Soccer

Column: At Arsenal, nostalgia is a dangerous thing

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Not only is nostalgia not what it used to be, its beguiling powers of deception can be dangerous, too. The desire to relive emotions long faded can make one do foolish things - like going to see Deep Purple in concert, a mistake I've made, or believe that Thierry Henry and Arsenal are still a match made in soccer heaven.

Often, the outcome is disappointment. Listening to rock's one-time loudest band reheat ''Smoke on the Water'' in Paris in 2010 for what must have been its umpteenth time provided only an empty aftertaste of the musical feast I could only imagine Purple must have served up in its heyday in the 1970s.

Likewise, nothing truly good can come from Arsenal's greatest player pulling on its red and white shirt again, likely as early as next Monday against Leeds in the FA Cup third round. Just as Purple now sounds infinitely better recorded than live, the only genuinely satisfying way to appreciate Henry these days is by watching YouTube videos from when the French striker was in his prime, running rings around defenses in his eight glorious years at Arsenal until he moved to Barcelona in 2007.

Fabulous memories. To single out any one of Henry's club-record 226 goals is to do an injustice to the others, although, if pressed, I'd chose his back-heel through the legs of Charlton defender Jonathan Fortune and past 'keeper Dean Kiely in 2004, in the penultimate game of Arsenal's record unbeaten run of 49 matches. Such audacity, improvisation, quick thinking and upper-body strength from Henry as Fortune clambered all over him. Sublime.

But flashbacks from yesteryear are no substitute for smart planning. Arsenal manager Arsene Wenger is borrowing Henry for six or so weeks from Major League Soccer's New York Red Bulls because he has gotten his recruitment policy all wrong, being too tightfisted with the London club's money and leaving himself short-handed.

Henry's return will doubtless wring a few happy tears from nostalgic Arsenal fans, but leaning on a 34-year-old, however fondly remembered for his previous 370 club appearances, for help in a league so damagingly physical and intensely competitive is a sign of weakness, not strength. It's an SOS, not a last hurrah.

You wouldn't catch Alex Ferguson bringing back the likes of Ruud van Nistelrooy, who scored 150 goals for him, because the Man United manager makes sure that he doesn't need to. Chelsea's squad is sufficiently stocked with players who can find the net that manager Andre Villa-Boas felt comfortable letting Henry's former France teammate Nicolas Anelka transfer this month to Shanghai Shenhua in China.

Wenger, of course, spun this positively.

''We will have Thierry for January and in February. Then he will go back to the United States. I am sure during these two months he will be a massive asset to the team in the dressing room and on the pitch. He can be relaxed, not under too much pressure and be a tremendous help to the team,'' said the Frenchman who first recruited Henry from Juventus in 1999.

The scorer of 14 goals, the second-highest MLS total, for the Red Bulls last season may still be able to conjure a useful strike for Arsenal here and there. In the process, Henry may help show that the gulf in standards between MLS and European soccer isn't that huge, after all, as American midfielder Landon Donovan also proved this week by slotting straight into Everton's starting lineup in the first match of his latest loan from the Los Angeles Galaxy before the MLS starts a new season in March.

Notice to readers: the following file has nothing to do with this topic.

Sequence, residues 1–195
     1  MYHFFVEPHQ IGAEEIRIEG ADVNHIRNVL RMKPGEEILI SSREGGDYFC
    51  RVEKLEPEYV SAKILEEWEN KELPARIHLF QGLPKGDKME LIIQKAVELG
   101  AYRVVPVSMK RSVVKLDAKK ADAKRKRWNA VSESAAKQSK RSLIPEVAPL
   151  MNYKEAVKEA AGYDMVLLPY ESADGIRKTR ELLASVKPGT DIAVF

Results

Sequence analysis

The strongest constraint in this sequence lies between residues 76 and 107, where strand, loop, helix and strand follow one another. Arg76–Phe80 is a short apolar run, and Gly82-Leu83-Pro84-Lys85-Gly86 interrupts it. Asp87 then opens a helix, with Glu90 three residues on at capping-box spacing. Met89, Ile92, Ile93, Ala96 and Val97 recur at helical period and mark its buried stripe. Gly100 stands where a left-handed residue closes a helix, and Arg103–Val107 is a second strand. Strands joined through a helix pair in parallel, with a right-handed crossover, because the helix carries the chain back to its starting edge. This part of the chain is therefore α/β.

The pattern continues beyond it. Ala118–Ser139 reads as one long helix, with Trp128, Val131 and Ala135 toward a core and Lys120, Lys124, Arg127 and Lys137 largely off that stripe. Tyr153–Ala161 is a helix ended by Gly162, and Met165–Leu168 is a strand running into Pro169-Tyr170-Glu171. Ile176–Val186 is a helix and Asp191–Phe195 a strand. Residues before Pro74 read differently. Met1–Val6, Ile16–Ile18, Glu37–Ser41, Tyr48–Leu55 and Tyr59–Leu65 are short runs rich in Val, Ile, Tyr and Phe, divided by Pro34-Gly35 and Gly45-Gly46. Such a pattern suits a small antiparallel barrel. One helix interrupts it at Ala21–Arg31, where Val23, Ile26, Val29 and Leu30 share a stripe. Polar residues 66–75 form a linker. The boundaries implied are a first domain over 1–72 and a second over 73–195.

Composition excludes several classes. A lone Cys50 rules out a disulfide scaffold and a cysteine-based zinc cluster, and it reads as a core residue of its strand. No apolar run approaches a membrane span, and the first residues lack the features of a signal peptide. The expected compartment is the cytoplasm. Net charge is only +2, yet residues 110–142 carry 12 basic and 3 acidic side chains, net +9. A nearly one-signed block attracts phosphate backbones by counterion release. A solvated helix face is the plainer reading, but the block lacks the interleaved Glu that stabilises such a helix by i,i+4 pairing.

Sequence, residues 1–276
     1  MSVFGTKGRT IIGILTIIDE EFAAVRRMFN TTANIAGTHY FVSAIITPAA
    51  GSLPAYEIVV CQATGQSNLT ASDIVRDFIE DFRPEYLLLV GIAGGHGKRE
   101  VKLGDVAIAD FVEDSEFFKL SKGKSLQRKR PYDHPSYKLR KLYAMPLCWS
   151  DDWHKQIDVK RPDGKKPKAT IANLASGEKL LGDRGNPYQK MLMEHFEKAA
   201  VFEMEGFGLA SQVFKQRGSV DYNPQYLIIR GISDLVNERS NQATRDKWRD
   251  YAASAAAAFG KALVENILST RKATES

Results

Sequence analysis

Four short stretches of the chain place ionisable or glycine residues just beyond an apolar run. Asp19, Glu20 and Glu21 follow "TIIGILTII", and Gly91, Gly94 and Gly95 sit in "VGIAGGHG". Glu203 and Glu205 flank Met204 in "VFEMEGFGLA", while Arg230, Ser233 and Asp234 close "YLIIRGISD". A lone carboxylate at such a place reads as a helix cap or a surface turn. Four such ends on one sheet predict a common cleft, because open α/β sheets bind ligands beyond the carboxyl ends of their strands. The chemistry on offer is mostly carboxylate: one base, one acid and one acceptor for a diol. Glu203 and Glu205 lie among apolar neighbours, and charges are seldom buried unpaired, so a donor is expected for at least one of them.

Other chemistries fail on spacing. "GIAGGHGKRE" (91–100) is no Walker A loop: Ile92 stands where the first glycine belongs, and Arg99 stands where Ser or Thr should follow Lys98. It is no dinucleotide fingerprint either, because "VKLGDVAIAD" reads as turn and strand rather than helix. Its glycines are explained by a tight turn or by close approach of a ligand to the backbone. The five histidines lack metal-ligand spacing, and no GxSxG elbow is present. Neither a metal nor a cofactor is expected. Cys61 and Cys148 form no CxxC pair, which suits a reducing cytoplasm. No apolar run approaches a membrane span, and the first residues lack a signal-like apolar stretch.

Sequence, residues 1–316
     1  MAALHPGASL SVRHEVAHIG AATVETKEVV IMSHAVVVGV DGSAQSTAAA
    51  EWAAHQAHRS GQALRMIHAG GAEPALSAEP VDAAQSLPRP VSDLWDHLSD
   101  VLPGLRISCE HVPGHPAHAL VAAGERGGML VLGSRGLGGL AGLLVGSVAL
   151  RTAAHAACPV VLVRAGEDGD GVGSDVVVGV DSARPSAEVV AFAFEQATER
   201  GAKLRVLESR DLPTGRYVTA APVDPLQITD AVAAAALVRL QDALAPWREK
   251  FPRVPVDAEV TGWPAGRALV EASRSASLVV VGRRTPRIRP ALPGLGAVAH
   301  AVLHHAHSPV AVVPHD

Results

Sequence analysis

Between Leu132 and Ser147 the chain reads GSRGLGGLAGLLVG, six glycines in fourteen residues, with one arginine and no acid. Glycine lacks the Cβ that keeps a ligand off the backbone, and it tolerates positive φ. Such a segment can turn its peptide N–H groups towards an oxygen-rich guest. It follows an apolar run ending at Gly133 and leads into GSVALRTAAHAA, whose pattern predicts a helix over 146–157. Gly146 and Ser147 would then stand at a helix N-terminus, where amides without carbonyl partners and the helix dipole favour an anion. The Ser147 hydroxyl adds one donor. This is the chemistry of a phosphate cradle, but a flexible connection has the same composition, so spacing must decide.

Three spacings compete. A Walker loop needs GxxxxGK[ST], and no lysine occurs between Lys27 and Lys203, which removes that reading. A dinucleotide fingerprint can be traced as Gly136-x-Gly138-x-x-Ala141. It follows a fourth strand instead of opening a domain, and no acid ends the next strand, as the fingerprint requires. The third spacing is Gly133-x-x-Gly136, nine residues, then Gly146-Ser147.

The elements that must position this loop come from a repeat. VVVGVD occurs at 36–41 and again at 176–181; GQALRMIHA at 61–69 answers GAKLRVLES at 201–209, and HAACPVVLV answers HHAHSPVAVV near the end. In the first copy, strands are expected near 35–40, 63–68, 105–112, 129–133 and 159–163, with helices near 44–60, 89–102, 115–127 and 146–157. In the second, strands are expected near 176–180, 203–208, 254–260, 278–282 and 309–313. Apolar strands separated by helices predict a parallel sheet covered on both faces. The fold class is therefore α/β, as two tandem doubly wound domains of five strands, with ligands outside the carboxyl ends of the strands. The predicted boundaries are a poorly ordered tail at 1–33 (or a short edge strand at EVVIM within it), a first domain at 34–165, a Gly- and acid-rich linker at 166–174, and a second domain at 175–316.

Aside from Ferguson's United, which visits Arsenal's Emirates Stadium on Jan. 22, the London club's Premier League opponents over the next five weeks include newly promoted Swansea, relegation zone clubs Bolton and Blackburn, and mid-table Sunderland - the only one of those four to have scored more goals than it has conceded this season.

Those lesser teams will know that Henry still has enough quality and intelligence to cause them problems, although it's more of a stretch to imagine that Ferguson will be unduly worried, even with his squad shot with holes by injuries.

Arsenal also hosts London rival Tottenham on Feb. 26, which could be an emotional send-off for Henry if his stay lasts that long, but that has yet to be decided. In announcing the loan, Arsenal said Friday the duration was guaranteed for the moment only until the team's Champions League trip to AC Milan on Feb. 15.

Henry, wisely, sought to dampen expectations and stuck to the Arsenal party line that he will only be filling a short-term gap left by forwards Gervinho of Ivory Coast and Marouane Chamakh of Morocco, while they represent their countries at the Africa Cup of Nations.

There wasn't a peep, of course, in Arsenal's statement about why Wenger has failed to buy a reliable, long-term understudy for Robin van Persie, his top-scoring Dutch striker whose past injuries generate concerns he could break down again if overused.

''I am not coming here to be a hero or prove anything. I am just coming here to help. People have to understand that,'' Henry said. ''I'll be on the bench most of the time. If I can make the bench that is!''

If not, well, there are always those highlight reels to watch and rewatch. To be enjoyed with a Deep Purple soundtrack.

Ah, those were the days.

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John Leicester is an international sports columnist for The Associated Press. Write to him at jleicester(at)ap.org or follow him at twitter.com/johnleicester

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